We cannot verify your location
Browse Book and Journal Content on Project MUSE
OR
title

Arab Americans in Michigan

Rosina J. Hassoun

Publication Year: 2012

The state of Michigan hosts one of the largest and most diverse Arab American populations in the United States. As the third largest ethnic population in the state, Arab Americans are an economically important and politically influential group. It also reflects the diversity of national origins, religions, education levels, socioeconomic levels, and degrees of acculturation. Despite their considerable presence, Arab Americans have always been a misunderstood ethnic population in Michigan, even before September 11, 2001 imposed a cloud of suspicion, fear, and uncertainty over their ethnic enclaves and the larger community. In Arab Americans in Michigan Rosina J. Hassoun outlines the origins, culture, religions, and values of a people whose influence has often exceeded their visibility in the state.

Published by: Michigan State University Press

Title page, Copyright, Dedication, Acknowledgements

pdf iconDownload PDF (46.3 KB)
 

read more

Introduction and Demographics

pdf iconDownload PDF (155.3 KB)
pp. 1-16

A story is told in the Arab-American community about a Yemeni sailor from Aden, working as a merchant marine on the Great Lakes, who had a chance encounter with Henry Ford, the automobile mogul, in the early 1900s. That chance encounter is said to have started a chain migration of Yemeni Arabs to Dearborn, Michigan. As part of the oral history of Dearborn’s Southend, there are several versions of the story about Henry Ford and the Yemeni sailor. In one version, Henry Ford...

read more

The Origins of Arab Americans in Michigan

pdf iconDownload PDF (73.8 KB)
pp. 17-20

Although Arab immigrants in the United States have come from all of the twenty-two Arab-speaking countries, including the Occupied Territories, the majority of Arab Americans have come from the Levantine, or Fertile Crescent area (Lebanon, Syria, Palestine, Jordan, and Iraq), and Yemen.21 The five major groups of Arab immigrants to the United States are: Lebanese (both Christian and Muslim), Iraqis (including sizable numbers of Christian Chaldeans, Christian...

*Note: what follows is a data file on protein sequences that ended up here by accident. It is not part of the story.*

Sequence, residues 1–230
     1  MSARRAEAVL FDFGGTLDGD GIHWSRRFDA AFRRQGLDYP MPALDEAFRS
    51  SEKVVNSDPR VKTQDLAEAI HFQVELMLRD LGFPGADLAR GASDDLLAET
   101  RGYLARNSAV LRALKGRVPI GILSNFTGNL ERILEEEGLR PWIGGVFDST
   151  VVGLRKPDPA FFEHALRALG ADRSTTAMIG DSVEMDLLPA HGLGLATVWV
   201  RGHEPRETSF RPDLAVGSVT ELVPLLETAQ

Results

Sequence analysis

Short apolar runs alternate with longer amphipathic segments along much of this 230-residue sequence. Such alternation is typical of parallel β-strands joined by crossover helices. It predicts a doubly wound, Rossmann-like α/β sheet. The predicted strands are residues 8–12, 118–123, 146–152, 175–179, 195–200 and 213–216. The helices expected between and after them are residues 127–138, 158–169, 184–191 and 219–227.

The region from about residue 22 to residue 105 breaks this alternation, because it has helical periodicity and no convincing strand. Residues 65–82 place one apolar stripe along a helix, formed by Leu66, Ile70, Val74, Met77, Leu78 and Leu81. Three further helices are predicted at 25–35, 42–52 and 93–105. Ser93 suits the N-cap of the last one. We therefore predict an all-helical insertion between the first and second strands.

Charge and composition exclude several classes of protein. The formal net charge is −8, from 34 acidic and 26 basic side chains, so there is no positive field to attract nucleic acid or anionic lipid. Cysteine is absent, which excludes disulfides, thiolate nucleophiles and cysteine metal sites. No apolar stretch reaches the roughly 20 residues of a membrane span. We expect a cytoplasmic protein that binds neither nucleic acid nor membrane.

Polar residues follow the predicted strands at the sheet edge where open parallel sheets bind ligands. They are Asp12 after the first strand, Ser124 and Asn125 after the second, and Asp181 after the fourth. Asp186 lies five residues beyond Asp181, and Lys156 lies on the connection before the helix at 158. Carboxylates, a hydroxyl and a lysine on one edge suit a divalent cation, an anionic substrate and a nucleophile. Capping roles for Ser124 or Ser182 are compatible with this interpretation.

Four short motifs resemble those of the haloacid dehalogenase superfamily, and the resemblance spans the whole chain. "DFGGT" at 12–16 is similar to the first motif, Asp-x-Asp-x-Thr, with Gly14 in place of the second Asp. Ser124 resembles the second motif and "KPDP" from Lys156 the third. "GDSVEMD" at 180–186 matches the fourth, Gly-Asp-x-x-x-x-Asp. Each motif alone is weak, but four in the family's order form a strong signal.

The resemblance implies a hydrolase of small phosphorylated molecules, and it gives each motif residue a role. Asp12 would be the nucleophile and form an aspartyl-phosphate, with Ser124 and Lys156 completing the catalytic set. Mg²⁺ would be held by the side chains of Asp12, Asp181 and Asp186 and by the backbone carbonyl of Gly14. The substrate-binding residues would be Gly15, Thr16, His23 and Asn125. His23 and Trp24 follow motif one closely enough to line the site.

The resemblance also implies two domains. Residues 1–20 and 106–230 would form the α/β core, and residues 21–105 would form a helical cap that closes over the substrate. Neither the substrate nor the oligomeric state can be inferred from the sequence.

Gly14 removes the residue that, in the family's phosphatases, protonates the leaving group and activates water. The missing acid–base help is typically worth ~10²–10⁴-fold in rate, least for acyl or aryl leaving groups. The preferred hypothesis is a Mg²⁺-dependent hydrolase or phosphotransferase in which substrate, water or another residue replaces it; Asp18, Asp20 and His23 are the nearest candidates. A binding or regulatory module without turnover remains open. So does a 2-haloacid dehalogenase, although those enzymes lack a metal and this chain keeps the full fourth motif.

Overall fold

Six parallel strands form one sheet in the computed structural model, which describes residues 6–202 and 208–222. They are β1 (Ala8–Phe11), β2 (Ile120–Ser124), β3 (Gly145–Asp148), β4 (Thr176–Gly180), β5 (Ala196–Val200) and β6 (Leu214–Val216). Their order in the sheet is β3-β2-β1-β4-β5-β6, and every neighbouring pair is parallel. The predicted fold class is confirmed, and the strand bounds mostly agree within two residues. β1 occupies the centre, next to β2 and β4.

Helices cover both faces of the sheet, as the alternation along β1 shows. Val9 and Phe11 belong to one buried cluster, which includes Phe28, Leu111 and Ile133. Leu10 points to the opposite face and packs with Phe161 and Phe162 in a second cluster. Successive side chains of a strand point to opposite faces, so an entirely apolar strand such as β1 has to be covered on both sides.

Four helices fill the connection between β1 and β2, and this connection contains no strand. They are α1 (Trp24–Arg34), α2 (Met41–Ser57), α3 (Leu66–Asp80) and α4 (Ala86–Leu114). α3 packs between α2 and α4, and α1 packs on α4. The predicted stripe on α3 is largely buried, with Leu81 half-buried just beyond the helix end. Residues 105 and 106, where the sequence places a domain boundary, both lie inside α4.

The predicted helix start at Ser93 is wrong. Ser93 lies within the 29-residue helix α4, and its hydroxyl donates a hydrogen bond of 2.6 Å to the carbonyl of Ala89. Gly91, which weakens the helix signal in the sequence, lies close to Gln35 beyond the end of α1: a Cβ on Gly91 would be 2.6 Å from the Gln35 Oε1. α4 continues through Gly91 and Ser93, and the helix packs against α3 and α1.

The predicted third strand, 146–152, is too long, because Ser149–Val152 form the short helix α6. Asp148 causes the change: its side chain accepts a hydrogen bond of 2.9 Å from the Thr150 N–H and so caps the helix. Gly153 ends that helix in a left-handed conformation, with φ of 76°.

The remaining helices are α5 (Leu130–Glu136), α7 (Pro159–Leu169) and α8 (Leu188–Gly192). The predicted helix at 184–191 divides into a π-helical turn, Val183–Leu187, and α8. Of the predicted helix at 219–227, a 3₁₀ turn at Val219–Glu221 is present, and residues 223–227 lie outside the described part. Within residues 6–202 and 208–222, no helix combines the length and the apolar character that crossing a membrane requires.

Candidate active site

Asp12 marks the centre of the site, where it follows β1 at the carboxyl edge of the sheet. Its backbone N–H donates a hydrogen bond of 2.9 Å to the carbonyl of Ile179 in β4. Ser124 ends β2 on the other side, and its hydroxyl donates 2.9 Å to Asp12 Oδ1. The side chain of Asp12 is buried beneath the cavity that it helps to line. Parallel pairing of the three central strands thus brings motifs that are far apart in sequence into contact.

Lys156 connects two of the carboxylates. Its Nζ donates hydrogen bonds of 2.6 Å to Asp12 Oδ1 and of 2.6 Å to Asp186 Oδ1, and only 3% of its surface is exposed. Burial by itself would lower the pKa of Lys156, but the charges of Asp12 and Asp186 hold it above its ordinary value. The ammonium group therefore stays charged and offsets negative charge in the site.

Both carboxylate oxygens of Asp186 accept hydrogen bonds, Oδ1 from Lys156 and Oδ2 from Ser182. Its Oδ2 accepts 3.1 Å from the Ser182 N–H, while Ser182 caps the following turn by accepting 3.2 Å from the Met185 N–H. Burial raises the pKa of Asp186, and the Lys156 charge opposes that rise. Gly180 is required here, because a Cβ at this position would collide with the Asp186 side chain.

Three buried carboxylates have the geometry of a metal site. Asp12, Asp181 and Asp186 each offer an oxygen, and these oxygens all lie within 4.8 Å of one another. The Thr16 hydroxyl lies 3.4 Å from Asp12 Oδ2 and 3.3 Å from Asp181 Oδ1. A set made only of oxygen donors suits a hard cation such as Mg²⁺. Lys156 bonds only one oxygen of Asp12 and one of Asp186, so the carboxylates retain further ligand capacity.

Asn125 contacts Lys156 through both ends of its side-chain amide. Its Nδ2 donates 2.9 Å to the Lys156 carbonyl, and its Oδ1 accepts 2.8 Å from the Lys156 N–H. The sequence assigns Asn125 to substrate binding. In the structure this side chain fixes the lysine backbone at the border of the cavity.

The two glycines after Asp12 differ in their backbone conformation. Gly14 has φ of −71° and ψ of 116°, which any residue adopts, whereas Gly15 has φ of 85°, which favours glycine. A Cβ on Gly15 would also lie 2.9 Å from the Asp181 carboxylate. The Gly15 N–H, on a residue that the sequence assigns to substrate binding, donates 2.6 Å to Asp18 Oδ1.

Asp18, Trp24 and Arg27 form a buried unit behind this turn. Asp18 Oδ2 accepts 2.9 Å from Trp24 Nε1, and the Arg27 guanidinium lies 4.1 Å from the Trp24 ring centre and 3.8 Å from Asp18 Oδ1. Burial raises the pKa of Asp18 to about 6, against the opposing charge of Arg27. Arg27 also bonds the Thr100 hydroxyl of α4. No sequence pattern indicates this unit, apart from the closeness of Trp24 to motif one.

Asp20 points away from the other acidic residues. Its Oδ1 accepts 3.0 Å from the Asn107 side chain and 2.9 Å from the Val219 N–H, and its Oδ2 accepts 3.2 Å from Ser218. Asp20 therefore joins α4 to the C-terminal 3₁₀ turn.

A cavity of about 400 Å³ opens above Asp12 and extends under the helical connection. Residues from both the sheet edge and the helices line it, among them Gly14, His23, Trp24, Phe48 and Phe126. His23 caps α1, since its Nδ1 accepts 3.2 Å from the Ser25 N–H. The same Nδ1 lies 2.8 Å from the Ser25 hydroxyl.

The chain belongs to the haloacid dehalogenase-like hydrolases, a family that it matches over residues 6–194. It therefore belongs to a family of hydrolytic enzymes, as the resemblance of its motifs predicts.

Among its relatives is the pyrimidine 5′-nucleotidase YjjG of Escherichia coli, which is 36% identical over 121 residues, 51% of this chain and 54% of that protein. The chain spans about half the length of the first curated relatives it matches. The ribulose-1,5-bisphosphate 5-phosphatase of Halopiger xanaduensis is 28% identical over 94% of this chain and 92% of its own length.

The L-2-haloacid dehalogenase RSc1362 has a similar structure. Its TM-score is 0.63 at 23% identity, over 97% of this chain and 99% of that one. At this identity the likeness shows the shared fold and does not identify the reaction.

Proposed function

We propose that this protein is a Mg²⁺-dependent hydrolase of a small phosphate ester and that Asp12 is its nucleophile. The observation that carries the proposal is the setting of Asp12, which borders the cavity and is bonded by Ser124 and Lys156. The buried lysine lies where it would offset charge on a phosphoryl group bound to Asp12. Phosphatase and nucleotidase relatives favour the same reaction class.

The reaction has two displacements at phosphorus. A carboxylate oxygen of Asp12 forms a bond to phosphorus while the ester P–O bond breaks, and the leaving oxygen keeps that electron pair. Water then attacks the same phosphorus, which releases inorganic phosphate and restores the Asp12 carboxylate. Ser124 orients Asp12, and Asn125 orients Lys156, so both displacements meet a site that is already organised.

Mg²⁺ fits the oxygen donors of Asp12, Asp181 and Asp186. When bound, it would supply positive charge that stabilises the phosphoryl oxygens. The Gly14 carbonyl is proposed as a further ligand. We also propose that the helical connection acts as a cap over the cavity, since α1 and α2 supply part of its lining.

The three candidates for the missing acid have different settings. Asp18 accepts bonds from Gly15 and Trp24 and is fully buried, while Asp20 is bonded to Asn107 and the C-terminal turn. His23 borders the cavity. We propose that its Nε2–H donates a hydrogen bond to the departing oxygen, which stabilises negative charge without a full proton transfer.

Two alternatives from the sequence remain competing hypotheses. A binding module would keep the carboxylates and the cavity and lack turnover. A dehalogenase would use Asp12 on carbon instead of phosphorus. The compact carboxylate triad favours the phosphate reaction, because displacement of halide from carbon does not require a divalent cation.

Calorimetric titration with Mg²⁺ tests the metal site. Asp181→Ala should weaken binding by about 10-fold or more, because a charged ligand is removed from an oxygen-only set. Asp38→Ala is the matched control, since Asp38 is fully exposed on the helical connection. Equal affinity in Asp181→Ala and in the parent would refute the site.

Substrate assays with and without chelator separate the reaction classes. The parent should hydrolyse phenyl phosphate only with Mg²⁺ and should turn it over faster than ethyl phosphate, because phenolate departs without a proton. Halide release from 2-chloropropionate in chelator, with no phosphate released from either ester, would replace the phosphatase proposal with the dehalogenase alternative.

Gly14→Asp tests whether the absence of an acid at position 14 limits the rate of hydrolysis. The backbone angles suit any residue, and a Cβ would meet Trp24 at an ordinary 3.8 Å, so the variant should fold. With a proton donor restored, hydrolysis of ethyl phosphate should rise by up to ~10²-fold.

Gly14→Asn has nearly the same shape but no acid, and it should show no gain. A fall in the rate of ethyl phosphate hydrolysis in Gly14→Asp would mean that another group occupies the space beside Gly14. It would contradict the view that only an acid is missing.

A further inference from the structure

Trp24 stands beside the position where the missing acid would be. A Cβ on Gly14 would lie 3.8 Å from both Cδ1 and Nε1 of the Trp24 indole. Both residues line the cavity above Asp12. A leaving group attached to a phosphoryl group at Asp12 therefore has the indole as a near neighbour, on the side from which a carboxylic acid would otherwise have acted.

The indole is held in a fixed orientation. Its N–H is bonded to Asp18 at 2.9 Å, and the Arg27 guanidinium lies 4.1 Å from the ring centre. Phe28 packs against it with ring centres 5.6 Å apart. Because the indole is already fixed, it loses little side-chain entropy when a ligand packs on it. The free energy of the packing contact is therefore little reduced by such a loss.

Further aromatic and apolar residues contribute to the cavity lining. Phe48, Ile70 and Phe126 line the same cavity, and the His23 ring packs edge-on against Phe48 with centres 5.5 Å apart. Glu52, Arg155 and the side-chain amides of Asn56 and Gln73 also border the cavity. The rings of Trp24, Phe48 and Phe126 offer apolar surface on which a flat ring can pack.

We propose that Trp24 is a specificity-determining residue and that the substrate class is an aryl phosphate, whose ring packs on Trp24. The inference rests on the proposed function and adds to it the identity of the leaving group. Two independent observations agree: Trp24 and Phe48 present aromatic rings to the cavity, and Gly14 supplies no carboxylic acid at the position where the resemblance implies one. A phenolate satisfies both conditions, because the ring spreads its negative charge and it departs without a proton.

read more

Understanding General Patterns of Arab Settlement

pdf iconDownload PDF (43.2 KB)
pp. 21-26

In general, Arab Americans came to the United States by chain migrations. 28 In this type of migration, the first member of the family to arrive (usually a male family member) will attempt to bring his or her immediate family, other relatives, and friends to the United States. As noted in the author’s research, often Arab-American males have brought their parents to the United States, in order to care for them in their old age.29 Brothers, sisters, and cousins often followed. Most immigrants to the United States have shared this pattern of chain migration. Periodically, U.S. Immigration laws and various push and pull factors...

read more

Selected Histories by Geographic Areas

pdf iconDownload PDF (171.6 KB)
pp. 27-40

Syrian/Lebanese immigrants started arriving in Flint in the early 1900s. Hani Bawardi, in his thesis, recounts the story of three brothers from the Marjayoun area in Southern Lebanon who founded three separate dynastic families in Flint: the Joseph, Salim, and Barakat families.39 However, Palestinian Christians from the town of Nazareth were also among the early Arab immigrants to Flint. Ameen Farah, a...

read more

The History of Arab Immigration to Southeast Michigan

pdf iconDownload PDF (68.4 KB)
pp. 41-50

Although the two historical staging areas for Arab migration in Metropolitan Detroit (Dearborn’s Southend and the Seven Mile/ Woodward area) date back to the original founding of the Arab and Chaldean populations in Detroit, there has been considerable fluidity in the settlement patterns within the tri-county area over the last century of Arab migration. In the Metropolitan Detroit tri-county Arab- American population...

read more

Special Topics Concerning Arab Americans in Michigan

pdf iconDownload PDF (48.5 KB)
pp. 51-56

The climate and environment of Michigan differ greatly from those of the original homelands of Detroit’s Arab immigrants. The climate of Detroit, with its cold, snowy winters and relatively mild, humid summers, is a radical departure from the Mediterranean climate. Many Arabs complain that they dislike the cold and snow and miss the mild climate that allowed them to walk outside year-round.79...

read more

Summary

pdf iconDownload PDF (44.5 KB)
pp. 57-61

From the first early Syrian/Lebanese seeking work in door-to-door sales and the first Yemeni to encounter Henry Ford and work in the automobile factories to the most recent Arab immigrants, Arab Americans have been a part of Michigan history for over a hundred years.
The tragedy of September 11, 2001, unfortunately caused many Americans to become suspicious of the Arab-American community, while the shock of the attacks caused trauma in an Arab-American...

Appendix 1: A Gift from the Hassoun Family to the People of Michigan

pdf iconDownload PDF (46.1 KB)
pp. 63-64

Appendix 2: Resources

pdf iconDownload PDF (44.8 KB)
pp. 65-66

Notes

pdf iconDownload PDF (43.5 KB)
pp. 67-73

For Further Reference

pdf iconDownload PDF (36.3 KB)
pp. 76-78

Index

pdf iconDownload PDF (33.2 KB)
pp. 79-84


E-ISBN-13: 9781609170462
Print-ISBN-13: 9780870136672

Publication Year: 2012